Sharing parenting - An Adlerian approach

Evidence Based Programme

The Raising Children Programme

Evaluation of the Raising Children Programme

Evaluation by the Thomas Coram Research Unit, Institute of Education, University of London

Was the programme effective?
An evaluation of the Raising Children programme in the form of a year-long controlled trial involving 177 families was recently carried out by the Thomas Coram Research Unit. The aim of the study was to establish whether the programme was effective in enhancing parenting capacity, reducing parental stress and bringing about positive changes in relation to children’s challenging behaviour.

All participants acknowledged positive changes in their parenting as a result of the course.
Parents were scored against standardised measures of Strengths and Difficulties, Parenting Daily Hassles and Parental Sense of Competence. These scores changed significantly for parents following participation in the programme, while there were no significant changes in the scores of parents in the control group.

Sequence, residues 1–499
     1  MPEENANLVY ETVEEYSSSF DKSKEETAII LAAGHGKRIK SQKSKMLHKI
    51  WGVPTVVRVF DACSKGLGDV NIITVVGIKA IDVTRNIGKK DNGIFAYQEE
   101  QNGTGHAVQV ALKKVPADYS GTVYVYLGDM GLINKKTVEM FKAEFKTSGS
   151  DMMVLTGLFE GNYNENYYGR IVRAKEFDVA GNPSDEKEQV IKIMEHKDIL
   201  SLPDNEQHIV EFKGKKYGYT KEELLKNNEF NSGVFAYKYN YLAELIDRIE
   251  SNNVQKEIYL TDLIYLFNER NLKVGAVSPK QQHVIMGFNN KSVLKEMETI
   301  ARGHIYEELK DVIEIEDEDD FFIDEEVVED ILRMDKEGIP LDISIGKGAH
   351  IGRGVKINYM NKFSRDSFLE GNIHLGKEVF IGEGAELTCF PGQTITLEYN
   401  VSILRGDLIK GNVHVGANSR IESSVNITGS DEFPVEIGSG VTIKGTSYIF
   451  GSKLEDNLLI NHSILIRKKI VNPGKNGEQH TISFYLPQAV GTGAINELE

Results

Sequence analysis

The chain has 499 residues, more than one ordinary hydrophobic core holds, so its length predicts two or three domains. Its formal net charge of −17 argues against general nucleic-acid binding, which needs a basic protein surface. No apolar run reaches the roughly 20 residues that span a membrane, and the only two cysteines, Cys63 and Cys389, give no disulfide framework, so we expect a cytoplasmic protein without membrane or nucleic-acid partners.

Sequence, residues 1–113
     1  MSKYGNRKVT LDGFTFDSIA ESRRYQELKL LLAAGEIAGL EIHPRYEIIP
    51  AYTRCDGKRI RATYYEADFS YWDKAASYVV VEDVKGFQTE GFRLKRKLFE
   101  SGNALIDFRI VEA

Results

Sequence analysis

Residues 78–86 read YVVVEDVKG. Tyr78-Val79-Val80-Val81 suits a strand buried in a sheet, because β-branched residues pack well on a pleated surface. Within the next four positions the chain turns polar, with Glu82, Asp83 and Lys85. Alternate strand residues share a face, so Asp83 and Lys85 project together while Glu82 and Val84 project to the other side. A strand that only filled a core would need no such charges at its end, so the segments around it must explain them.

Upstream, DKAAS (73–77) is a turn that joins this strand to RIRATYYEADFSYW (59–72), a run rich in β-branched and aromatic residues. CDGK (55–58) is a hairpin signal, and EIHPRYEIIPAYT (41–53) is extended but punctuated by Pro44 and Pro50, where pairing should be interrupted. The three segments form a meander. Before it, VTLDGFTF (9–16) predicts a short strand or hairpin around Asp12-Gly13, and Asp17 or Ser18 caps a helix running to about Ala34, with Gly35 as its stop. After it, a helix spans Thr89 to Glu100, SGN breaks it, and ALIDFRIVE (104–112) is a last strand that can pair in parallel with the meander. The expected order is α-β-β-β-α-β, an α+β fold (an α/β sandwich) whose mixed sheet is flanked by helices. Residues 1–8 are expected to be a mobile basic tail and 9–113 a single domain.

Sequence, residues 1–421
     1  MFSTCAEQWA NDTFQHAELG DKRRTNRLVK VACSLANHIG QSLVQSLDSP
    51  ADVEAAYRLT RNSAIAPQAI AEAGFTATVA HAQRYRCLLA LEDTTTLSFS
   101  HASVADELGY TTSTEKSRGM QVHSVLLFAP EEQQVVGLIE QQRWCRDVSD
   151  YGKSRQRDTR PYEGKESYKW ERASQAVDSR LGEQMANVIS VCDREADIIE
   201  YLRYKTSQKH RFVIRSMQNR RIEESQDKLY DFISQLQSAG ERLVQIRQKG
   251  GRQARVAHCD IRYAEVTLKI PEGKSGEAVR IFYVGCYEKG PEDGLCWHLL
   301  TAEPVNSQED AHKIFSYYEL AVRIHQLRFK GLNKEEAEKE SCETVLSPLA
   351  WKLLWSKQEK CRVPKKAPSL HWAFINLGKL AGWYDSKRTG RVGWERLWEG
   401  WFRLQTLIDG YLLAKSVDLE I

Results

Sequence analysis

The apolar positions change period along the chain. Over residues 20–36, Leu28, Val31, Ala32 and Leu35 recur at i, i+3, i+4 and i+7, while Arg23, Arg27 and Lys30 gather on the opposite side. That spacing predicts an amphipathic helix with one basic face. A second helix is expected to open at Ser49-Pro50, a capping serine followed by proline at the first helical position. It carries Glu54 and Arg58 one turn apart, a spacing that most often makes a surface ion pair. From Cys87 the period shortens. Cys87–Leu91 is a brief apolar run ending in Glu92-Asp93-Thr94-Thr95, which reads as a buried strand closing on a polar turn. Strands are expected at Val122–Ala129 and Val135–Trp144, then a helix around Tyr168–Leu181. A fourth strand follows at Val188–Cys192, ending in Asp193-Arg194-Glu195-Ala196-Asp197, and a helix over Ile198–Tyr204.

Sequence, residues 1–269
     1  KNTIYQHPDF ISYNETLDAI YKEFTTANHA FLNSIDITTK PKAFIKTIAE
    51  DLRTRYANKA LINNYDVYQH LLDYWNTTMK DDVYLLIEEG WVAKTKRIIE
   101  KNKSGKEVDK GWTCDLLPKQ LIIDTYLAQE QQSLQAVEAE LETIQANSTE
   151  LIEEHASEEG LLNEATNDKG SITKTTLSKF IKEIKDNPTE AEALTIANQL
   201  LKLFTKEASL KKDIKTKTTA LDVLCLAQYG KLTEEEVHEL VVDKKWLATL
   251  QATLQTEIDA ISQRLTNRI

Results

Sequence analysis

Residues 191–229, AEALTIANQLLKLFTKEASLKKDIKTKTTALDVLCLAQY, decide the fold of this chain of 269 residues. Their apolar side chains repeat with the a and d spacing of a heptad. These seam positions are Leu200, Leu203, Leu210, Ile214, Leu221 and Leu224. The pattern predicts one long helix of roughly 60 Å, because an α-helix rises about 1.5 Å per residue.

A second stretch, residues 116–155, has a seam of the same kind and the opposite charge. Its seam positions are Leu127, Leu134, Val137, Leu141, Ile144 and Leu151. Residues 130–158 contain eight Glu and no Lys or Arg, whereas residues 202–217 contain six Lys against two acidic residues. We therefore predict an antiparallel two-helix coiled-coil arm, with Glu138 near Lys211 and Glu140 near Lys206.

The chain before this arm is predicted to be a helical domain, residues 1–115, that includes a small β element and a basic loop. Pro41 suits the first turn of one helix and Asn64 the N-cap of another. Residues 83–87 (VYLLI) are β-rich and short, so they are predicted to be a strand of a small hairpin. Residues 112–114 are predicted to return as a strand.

Those who had attended the programme showed a decline in parenting stress, an increase in parenting competence, and reported fewer behaviour problems in their children at the end of the programme.

For more information or the full report contact: or call 07867 568339

Service related research project
Doctorate in Educational and Child Psychology – Shane Gallagher, Cambridgeshire Educational Psychology Service

This qualitative study was undertaken to elicit and explore parents’ perceptions of the effectiveness and compatibility of the 1-2-3 Magic and Raising Children parent training courses.

This research demonstrates the overall effectiveness of 1-2-3 Magic and Raising Children from the parents’ perspective and suggests possible underlying means for the effectiveness of these observed changes:

Levac, McCay, Merka & Reddon D’Arcy (2008; p.88) suggest that “when parents feel accepted and supported, they seem to be able to engage in self-reflection specifically related to their parenting styles. In turn, this level of self-reflection may have a positive influence on the process of change in the parents their children, and in the relationships between the parents and their children”.